TOKYO: Nearly 60 percent of female local assembly members in Japan have experienced harassment by voters or colleagues, nearly twice the figure for men, a Cabinet Office survey has shown.
The proportion of local assembly members who said they have experienced harassment came to 57.6 percent for women, against 32.5 percent for men, according to the government agency’s first survey on obstacles to women’s participation in politics.
The survey was carried out between Dec. 25 last year and Jan. 31 this year with 10,100 male and female local assembly members, of whom 5,513 gave valid answers. The survey results were released Wednesday.
With multiple answers allowed, 26.8 percent of female respondents said they have been harassed with sexual or violent words, far higher than 0.7 percent for men.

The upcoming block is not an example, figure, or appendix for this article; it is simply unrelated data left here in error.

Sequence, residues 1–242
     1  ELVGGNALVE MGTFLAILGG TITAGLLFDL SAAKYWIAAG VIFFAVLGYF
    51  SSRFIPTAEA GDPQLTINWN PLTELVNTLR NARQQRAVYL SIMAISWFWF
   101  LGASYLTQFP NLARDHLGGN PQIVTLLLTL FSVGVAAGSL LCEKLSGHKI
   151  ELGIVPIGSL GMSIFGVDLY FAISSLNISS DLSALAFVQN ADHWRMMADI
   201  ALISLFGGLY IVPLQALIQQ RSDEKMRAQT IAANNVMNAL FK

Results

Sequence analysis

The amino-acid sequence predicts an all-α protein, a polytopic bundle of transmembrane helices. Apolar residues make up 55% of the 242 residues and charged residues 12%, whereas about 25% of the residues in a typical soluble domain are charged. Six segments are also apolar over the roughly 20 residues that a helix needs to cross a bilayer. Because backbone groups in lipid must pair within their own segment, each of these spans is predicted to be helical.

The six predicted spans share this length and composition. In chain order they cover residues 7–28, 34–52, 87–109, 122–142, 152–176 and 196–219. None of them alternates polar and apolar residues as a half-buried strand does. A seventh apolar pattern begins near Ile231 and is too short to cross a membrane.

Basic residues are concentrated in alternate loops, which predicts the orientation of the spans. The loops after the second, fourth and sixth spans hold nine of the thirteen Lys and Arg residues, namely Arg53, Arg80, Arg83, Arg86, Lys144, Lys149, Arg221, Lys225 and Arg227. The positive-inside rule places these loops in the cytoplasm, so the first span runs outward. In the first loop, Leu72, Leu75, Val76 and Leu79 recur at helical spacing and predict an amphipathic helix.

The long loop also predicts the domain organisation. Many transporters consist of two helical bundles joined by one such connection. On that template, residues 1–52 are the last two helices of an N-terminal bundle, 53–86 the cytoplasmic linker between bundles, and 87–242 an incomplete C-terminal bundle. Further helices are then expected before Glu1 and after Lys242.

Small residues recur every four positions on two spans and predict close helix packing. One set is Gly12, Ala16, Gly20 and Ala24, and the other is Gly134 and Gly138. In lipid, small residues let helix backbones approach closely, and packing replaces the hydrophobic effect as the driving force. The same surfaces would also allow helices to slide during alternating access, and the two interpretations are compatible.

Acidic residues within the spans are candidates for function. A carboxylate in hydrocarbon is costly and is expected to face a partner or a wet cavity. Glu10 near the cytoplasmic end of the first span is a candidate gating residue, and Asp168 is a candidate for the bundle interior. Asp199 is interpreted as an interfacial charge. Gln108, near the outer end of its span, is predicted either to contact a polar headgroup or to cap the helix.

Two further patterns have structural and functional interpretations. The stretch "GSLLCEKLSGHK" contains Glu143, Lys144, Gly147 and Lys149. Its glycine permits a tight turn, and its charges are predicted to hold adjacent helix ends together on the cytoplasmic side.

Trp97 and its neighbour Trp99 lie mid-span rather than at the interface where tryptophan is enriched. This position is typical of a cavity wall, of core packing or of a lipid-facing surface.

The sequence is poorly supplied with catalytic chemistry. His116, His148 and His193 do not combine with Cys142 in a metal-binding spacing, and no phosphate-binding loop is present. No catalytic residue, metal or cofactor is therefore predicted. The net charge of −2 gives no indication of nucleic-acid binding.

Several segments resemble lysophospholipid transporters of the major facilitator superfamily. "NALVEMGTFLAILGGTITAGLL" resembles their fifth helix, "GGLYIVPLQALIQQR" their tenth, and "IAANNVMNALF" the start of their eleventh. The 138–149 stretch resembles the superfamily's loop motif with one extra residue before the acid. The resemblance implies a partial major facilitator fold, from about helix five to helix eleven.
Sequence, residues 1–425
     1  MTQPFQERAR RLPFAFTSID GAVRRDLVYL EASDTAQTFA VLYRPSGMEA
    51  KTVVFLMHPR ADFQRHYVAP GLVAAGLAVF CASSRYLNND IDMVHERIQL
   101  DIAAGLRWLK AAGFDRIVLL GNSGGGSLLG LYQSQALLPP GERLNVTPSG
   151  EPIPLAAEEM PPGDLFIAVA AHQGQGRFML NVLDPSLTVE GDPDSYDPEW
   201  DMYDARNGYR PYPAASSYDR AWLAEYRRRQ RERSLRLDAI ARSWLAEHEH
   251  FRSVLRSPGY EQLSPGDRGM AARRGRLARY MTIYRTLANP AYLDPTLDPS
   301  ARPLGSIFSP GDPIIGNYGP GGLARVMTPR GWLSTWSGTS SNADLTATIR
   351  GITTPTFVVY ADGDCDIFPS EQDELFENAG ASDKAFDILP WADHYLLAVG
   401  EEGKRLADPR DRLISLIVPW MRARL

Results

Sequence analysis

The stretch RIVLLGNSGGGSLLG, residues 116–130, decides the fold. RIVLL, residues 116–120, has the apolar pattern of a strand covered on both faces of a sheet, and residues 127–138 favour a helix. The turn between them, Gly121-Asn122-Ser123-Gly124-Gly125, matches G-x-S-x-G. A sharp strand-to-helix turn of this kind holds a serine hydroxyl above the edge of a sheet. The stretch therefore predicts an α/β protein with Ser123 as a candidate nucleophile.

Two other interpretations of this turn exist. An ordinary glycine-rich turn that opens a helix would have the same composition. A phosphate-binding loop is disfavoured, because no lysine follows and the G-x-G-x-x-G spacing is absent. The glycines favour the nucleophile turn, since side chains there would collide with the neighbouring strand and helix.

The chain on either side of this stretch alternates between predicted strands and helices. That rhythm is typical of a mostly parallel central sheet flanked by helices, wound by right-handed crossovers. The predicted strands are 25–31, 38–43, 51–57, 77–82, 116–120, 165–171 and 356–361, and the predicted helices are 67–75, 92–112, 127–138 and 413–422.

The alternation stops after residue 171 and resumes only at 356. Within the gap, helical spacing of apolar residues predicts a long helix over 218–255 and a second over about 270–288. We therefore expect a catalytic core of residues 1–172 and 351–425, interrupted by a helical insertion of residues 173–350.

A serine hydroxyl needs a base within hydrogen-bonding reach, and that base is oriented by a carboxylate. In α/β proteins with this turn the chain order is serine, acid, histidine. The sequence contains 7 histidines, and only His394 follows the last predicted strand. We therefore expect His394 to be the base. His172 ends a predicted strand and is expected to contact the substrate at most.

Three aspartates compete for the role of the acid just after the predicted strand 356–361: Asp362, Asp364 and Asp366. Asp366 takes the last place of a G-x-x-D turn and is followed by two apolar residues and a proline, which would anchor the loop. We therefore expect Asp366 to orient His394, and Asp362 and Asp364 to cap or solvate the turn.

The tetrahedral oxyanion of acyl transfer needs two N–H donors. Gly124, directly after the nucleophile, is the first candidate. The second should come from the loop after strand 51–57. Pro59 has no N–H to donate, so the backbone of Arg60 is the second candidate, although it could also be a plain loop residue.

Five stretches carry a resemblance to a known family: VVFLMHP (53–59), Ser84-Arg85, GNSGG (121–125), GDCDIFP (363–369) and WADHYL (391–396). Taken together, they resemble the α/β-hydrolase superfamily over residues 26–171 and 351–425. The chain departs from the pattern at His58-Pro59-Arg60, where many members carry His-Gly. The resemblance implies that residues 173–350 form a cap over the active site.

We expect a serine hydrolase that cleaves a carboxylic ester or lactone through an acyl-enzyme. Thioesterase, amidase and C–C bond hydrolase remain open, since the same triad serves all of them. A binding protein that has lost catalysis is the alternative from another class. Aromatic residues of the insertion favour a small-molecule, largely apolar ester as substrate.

Also in the survey, 23.9 percent of female respondents said they have been harassed with sexist behavior or remarks. Online harassment was cited by 22.9 percent.
Asked about problems that need to be resolved to promote women’s participation in politics, 58.8 percent of female respondents, the largest proportion, chose lack of expertise and experience.
Problems cited by 30-40 percent included insufficient privacy protection, gender discrimination and sexual harassment, the balance with family life, and a perception that politics is a job for men.
Among male respondents, lack of expertise and experience was the most cited problem blocking female participation in politics, at 41.8 percent. It was followed by financial shortages at 41.5 percent and difficulty in sustaining livelihoods at 38.3 percent.
Only 2.2 percent chose gender discrimination and sexual harassment.
“It’s necessary to hold seminars for harassment prevention at local assemblies and prepare rules allowing female assembly members to take maternity leave,” said an official of the Gender Equality Bureau of the Cabinet Office.